A heartfelt account of a young doctor’s service during WWII
S. Carlisle May’s recounting of Dr. Lamb Myhr’s service is a warm and genuine story of one good-hearted man trying to do his best to ease suffering during a war. It is filled with personal tales painted on the backdrop of the European air war which eventually ground the German offensive to a halt.
The author does a good job of balancing personal stories with important unit and historical events so that the reader can see the “big picture” while at the same time being able to focus on Dr. Myhr’s smaller piece of it. These personal stories are supported with pictures and other evidence which lends credibility to the story.
Oftentimes, a biography is written about someone who has done something extraordinary. In this case, this story illustrated the wonderfully ordinary service of an ordinary man, called to nothing more than his job. It sheds light on the medical picture across the European theater, what challenges the medical personnel faced, how they dealt with wounds, what made them laugh, what made them cry. It is well done, personal, informative, and memorable.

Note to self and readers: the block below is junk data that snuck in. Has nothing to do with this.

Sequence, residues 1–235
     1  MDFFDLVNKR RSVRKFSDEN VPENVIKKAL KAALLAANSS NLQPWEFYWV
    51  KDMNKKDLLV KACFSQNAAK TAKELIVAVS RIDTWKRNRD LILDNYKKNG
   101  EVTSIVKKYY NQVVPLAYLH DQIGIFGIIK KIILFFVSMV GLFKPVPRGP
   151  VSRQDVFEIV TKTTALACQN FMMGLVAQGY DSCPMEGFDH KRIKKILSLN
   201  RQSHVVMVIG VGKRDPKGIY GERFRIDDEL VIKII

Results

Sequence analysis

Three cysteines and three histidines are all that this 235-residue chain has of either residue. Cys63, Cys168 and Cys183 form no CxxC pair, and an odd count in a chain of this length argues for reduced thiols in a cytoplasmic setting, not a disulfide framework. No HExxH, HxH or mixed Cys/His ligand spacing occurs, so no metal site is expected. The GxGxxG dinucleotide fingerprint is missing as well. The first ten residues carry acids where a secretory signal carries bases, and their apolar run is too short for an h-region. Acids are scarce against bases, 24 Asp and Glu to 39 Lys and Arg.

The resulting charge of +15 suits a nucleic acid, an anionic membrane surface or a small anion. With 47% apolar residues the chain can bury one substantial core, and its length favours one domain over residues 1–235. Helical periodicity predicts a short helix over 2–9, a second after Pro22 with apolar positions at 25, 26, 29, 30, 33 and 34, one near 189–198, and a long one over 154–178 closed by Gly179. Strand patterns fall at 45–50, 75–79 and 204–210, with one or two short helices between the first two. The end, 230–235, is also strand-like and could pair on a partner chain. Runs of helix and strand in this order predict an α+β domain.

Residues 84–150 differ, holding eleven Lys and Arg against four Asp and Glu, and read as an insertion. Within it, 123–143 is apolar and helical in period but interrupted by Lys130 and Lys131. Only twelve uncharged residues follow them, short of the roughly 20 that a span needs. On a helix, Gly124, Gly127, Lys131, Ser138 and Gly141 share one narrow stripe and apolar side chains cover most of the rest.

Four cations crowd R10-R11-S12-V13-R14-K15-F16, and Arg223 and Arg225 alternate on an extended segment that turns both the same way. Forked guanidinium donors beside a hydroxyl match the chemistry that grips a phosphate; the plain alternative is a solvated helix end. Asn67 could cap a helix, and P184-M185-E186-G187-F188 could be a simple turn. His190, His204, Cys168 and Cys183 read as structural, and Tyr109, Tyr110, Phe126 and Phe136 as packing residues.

Fans of military biography or medical biography will definitely take something from this worthwhile book.
MWSA Reviewer: Rob Ballister
In the brutal and deadly conflict that swept the world in the 1940s, the newly formed United States Army Air Forces played a crucial role. The inherently dangerous missions relied on pilots in peak mental and physical condition. Dr. Lamb Myhr spent the Second World War as a flight surgeon working tirelessly to “keep them flying.” From Africa to Normandy and beyond, Myhr cared for injured and sick pilots, delivered civilian babies, and tended to the survivors of the Nazi concentration camps.
Written by Myhr’s great-niece and drawn from his personal letters and recollections, this portrait is a window into the lives of the everyday participants in World War II. His personal photos are included and feature the historic meeting between Gens. Mark Clark, George Patton, and Dwight D. Eisenhower before the invasion of Italy, as well as Hitler’s Eagle’s Nest after it was captured. Insightful detail about the many different injuries and diseases Myhr faced in his service provide a perspective on the diverse challenges brought by each stage of the conflict.